--Hans-Dieter Grünefeld (2002/12 | Seite 39)

Trouw
[...] The Ab Baars Trio has always excelled in subtle improvisation, but so ingenious and sensitive as in this concert programme I have not heard them before. [...] In this programme Baars again showed his mastery in making essentially little accessible music accessible.
--Kees Polling (16-2-1999)

Cadence
[...] The trio interplay is careful, consistent and resourceful.
--Robert Spencer (November 1999)
The Chicago Tribune
Dutch ensemble treats Duke well
Baars and friends take Ellington for a revelatory spin

Uncounted bands have played evening-length concerts of Duke Ellington's music, but few have addressed his work as daringly as the Dutch reedist Ab Baars. Leading his exceptional quartet Monday night in the Chicago Cultural Center, Baars didn't merely revisit classic and obscure scores by Ellington‹he reconceived, rewrote and re-imagined them. For Ellington purists, the evening might have seemed a sacrilege. For listeners with open ears and minds, it was a revelation.
Baars argued throughout this program, and on his recent CD "Kinda Dukish," that Ellington's themes, chord progressions and even instrumental colors can generate virtually new compositions. To prove the point, the quartet offered listeners a shard of an original Ellington melody here, an evocation of a famous chord change there, a metamorphosis of a signature riff somewhere else.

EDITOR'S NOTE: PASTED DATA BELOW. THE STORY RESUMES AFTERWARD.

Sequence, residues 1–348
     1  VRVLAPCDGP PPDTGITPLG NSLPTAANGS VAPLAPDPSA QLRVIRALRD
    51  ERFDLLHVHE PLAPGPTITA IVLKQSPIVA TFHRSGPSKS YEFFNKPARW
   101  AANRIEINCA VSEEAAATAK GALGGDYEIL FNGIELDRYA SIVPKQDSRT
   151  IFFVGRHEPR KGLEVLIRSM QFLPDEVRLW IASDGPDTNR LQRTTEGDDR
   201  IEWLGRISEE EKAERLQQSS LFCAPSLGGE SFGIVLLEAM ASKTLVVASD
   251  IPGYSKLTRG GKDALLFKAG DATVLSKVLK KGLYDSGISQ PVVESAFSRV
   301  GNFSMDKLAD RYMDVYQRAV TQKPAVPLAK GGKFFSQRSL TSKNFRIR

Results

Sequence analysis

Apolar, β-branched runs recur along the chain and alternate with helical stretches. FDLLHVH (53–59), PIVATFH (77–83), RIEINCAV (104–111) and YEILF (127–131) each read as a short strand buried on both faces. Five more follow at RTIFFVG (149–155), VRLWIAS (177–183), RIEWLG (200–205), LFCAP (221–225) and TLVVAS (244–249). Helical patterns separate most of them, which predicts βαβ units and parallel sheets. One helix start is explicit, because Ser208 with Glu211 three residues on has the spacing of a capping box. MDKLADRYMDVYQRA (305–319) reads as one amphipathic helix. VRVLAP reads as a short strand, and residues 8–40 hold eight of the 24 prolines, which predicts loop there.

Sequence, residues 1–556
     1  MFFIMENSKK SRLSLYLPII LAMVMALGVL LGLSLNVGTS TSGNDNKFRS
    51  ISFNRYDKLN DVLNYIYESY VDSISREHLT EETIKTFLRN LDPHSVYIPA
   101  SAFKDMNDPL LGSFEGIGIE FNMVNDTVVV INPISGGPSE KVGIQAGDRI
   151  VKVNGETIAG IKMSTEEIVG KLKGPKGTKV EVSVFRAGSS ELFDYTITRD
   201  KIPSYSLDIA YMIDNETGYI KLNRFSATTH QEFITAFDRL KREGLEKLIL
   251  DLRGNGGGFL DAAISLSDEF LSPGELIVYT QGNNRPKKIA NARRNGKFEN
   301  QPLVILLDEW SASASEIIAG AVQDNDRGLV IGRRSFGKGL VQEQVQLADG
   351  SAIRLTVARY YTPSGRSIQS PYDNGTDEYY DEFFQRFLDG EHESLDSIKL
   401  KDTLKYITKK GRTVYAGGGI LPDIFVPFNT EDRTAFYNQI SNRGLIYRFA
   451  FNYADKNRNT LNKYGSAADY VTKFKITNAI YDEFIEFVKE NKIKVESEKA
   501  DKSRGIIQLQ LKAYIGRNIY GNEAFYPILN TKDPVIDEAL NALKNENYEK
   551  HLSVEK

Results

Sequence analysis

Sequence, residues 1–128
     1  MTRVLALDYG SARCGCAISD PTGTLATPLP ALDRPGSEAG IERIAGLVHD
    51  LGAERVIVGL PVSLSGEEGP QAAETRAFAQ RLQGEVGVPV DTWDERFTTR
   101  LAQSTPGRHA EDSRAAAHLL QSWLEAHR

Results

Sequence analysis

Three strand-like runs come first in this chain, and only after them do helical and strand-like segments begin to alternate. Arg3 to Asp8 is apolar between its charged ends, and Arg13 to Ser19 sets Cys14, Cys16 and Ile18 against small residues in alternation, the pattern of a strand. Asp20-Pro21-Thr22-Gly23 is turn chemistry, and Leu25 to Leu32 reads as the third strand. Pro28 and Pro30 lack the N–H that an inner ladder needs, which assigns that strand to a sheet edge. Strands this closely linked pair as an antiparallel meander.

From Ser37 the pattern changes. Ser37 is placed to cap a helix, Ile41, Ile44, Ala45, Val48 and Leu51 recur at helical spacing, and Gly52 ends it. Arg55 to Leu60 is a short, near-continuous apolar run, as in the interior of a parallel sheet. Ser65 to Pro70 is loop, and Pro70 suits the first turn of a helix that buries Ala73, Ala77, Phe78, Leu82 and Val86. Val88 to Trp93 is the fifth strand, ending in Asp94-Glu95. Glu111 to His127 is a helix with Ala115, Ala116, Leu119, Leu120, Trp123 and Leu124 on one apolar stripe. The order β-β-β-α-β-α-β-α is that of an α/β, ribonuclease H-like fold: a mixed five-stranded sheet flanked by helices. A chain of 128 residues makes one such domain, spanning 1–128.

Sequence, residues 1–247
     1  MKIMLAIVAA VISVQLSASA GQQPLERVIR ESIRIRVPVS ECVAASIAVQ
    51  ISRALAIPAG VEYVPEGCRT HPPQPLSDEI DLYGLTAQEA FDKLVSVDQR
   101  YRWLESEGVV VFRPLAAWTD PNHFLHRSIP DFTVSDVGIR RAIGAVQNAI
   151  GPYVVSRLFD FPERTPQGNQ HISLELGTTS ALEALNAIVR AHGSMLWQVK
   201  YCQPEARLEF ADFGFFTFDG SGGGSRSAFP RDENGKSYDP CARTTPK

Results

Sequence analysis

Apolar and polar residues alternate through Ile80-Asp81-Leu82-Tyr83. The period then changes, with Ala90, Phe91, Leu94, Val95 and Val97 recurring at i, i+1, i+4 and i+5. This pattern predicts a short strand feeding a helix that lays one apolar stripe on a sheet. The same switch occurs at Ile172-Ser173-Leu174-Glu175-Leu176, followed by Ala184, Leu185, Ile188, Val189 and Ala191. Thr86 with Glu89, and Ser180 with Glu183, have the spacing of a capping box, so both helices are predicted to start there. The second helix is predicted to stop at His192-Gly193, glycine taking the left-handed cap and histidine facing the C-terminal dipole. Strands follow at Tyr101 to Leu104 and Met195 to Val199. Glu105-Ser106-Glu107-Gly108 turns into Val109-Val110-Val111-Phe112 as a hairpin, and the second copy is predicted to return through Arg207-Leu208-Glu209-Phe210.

Using these snippets as a starting point, Baars and his colleagues developed intricate improvisations in which each player contributed equally 'and poetically' to the whole.
Consider the quartet's hauntingly austere version of "Prelude to a Kiss," which rarely has sounded more nocturnal or tender. The misty, slightly dissonant effects with which the band opened the tune soon gave way to a serenely lyrical solo by trombonist Joost Buis. His gently dipping, swooping phrases sang out against bassist Wilbert de Joode's murmurs on the top register of his instrument, drummer Martin van Duynhoven's gentle attacks with mallets and Baars' delicately stated arpeggios on winds.
The chords may have been astringent, the phrases fractured, the famous theme often obscured, yet the hushed spirit of the original was unmistakable.
Here was Ellington's music reconstructed for a new century, yet somehow distilled to its essence. Many of the Ellington compositions on this program similarly re-emerged in a muted, quietly shimmering form that defied conventional wisdom on the nature of the jazz avant-garde. Baars and his quartet, in other words, reminded listeners that new music doesn't always reach for extremes of volume and tempo, sometimes expressing itself with genuine introspection.
Thus "Half the Fun" (from Ellington and Billy Strayhorn's "Shakespearean Suite"), whispered sinuous lines over a soft but relentless drum vamp; Strayhorn's "Caravan" opened as a jazz chorale before riding a ferociously syncopated rhythm; and "Jack the Bear" subverted traditional swing rhythm with some of the most nimble contrapuntal improvisations one might hope to hear.
--Howard Reich (april 18 2006) hreich@tribune.com

Copyright © 2006, The Chicago Tribune
Duo Baars-Henneman 'Autumn Songs' (Wig 22, 2013)

(...) Ten well-proportioned improvisations, often of a lyrical nature. Delicate and touching, with Baars en Henneman taking different roles in each piece. Full-grown music that does not want to impress, but invites the listener to discover its beauty.
--Dolf Mulder Vital Weekly 884 2013